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You never know what you'll find when searching for something else
Posted by Old John on Sun, Nov 18, 2012, at 12:15 AM:

Forget the novels, the reality TV and the politics for a minute, history still facinates me most, especially what was left out.

http://www.mynativelife.com/?p=770



Replies

Old John, Historians, in order to be published, leave out inconveniences to the establishment. A former president condemned the work of revisionists that provided facts of history that were conveniently not disclosed by approved historians. The Internet offer opportunity for researchers that approved books failed to do.

-- Posted by BCStoned on Sun, Nov 18, 2012, at 12:33 AM

BC, I was a bit miffed at you and Lumpy once for painting Lincoln as a tyrant. As a Lincoln admirer I had read everything out there and came to the conclusion he was a great man of vision and wisdom. I still think he was a man of vision and wisdom but with the help of the internet it didn't take long to find out what I had been taught and what I had been reading was very one sided. He was a tyrant as president, possibly pocessed by some great evil or just plainly deranged by an earlier kick in the head by that stubborn mule.

Recently I have read that the distruction of Sherman's march across the south was caused mostly by the confederates not wanting to leave anything for the north to plunder as they disbanded in defeat. Most of what I find says scorch and burn was the intention of the northern military per Lincoln's orders. Later the tactics learned and practiced seem evident in Sheridan and others that cleared the way for the railroads while Canada managed to build a rail system without need of genicide.

-- Posted by Old John on Sun, Nov 18, 2012, at 1:07 AM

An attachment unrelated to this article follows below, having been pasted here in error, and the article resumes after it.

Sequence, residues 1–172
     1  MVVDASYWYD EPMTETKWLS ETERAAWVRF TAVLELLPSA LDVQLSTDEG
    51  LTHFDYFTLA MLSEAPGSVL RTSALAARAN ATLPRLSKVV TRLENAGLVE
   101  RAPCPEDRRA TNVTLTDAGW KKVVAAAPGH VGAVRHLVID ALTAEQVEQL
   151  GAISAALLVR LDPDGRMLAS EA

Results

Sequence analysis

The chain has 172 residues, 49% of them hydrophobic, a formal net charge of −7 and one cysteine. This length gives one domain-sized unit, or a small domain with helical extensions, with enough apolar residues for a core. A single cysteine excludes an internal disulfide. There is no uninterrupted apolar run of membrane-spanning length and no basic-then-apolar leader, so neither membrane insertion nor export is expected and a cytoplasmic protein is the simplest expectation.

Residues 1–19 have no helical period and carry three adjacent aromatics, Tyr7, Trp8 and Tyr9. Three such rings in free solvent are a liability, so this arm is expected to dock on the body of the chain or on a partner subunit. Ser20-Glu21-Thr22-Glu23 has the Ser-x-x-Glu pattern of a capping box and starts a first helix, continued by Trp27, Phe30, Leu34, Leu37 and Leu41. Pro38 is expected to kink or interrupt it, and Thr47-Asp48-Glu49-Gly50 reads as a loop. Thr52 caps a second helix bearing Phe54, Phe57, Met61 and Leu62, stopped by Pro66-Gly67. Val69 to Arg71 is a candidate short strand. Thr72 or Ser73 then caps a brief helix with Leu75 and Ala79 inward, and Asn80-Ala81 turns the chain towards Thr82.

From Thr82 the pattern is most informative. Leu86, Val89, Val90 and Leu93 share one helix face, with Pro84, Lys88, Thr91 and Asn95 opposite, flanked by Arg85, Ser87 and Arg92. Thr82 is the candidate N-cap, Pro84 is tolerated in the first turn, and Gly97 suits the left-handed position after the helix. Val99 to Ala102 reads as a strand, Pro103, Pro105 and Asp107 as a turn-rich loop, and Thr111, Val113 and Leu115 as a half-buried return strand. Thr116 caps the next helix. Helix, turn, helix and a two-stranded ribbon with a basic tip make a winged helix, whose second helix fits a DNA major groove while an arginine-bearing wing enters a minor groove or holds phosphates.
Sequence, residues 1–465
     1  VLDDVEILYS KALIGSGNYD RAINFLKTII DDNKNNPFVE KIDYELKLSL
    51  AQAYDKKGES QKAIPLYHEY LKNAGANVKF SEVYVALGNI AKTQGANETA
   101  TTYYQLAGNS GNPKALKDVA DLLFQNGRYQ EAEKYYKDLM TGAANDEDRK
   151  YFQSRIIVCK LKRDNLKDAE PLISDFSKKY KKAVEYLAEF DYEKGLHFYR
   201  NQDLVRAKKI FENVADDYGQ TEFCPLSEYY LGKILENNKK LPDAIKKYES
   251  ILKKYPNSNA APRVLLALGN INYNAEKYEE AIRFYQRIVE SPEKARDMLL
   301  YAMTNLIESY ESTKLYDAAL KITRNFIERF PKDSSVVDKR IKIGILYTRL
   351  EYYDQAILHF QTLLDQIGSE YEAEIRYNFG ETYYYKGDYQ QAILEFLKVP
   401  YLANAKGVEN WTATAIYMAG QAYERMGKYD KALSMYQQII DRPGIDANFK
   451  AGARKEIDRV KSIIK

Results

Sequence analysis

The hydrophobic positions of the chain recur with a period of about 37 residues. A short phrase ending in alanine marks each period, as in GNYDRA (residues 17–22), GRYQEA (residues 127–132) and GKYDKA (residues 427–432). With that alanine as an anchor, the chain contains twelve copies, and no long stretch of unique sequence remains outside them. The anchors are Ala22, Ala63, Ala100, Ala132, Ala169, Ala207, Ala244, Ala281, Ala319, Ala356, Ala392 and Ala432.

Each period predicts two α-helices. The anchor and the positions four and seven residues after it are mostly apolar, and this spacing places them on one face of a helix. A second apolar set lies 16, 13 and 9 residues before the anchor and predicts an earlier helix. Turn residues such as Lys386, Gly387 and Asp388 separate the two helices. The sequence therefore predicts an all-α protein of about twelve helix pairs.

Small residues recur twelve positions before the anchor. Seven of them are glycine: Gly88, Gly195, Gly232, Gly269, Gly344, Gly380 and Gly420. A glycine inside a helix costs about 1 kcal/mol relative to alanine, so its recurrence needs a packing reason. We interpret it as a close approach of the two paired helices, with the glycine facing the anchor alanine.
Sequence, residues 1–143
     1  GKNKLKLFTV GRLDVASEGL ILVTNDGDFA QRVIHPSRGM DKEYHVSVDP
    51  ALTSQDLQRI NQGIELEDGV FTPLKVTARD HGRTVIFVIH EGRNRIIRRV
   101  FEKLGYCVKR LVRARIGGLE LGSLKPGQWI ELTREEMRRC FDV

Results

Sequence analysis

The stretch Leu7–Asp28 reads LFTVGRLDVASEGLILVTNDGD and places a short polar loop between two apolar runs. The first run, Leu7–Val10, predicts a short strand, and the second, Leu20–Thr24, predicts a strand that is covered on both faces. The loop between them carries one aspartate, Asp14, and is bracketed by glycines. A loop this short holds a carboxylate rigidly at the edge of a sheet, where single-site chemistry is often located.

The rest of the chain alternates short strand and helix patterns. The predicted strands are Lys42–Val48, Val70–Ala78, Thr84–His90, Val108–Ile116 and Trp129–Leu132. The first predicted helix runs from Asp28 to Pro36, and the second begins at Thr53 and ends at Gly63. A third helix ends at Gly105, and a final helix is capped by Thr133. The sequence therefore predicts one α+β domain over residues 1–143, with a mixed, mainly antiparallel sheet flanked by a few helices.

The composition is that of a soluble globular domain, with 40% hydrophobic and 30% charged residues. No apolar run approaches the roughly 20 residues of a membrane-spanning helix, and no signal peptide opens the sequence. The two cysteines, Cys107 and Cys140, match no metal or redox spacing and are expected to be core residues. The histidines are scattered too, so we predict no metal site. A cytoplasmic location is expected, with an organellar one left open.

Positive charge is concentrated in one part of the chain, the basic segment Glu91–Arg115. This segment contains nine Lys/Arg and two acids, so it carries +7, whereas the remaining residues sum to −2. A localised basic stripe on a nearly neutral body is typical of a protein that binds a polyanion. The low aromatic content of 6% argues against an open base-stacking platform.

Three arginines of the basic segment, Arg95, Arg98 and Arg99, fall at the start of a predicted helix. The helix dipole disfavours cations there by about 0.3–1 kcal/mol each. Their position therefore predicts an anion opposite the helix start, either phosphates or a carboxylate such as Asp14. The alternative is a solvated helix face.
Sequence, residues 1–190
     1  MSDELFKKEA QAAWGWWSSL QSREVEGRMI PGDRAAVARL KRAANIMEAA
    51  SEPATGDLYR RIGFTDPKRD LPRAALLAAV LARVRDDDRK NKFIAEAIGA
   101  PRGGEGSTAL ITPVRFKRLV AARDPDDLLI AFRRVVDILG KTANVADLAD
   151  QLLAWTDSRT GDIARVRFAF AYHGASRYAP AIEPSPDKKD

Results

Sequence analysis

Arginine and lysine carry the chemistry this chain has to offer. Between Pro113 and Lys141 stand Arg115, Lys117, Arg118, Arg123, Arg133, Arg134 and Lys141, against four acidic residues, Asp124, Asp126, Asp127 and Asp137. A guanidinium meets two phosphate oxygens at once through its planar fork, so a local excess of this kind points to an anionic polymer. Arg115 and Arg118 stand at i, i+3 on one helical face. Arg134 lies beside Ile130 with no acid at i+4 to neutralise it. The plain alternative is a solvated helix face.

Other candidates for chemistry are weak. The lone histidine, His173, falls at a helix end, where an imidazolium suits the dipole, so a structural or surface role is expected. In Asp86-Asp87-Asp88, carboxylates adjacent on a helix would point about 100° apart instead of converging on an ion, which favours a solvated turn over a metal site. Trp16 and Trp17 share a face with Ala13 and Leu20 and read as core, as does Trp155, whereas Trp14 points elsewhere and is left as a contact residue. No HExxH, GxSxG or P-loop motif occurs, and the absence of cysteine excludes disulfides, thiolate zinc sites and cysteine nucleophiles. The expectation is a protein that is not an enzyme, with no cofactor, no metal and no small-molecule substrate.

It is amazing.................what history books leave out. But it should not surprise us. History is being made today and revised almost immediately. Even now, news organizations choose to report only that which agrees with their point of view.

-- Posted by Robert* on Sun, Nov 18, 2012, at 2:07 AM

ML,

The revisionist history that I read is written by certified historians who possess several degrees, and have usually taught for decades at various universities. The revisionist history books that I read are well researched, and most importantly contain footnotes (I will not read a history book that doesn't contain footnotes). Regarding Lincoln; compare the work of historian Thomas DiLorenzo to the recent work of historian wanna-be Bill O'Reilly.

Lincoln is an important figure for the wrong reasons. I have backed off from the claim that he is the worst POTUS ever. I believe that honor belongs to Wilson. Then I read something that moves Lincoln back into first again. I would like to see a smackdown between the Lincoln and Wilson historians.

-- Posted by Simon Jester on Sun, Nov 18, 2012, at 6:39 AM

ML,

I have never claimed to oppose mala in se laws; only mala prohibita laws.

-- Posted by Simon Jester on Sun, Nov 18, 2012, at 6:45 AM

And BC is not "entitled" to his social security check, nor is anybody else outside of the political class for that matter.

-- Posted by Simon Jester on Sun, Nov 18, 2012, at 6:47 AM

"BC, I was a bit miffed at you and Lumpy once for painting Lincoln as a tyrant. As a Lincoln admirer I had read everything out there and came to the conclusion he was a great man of vision and wisdom."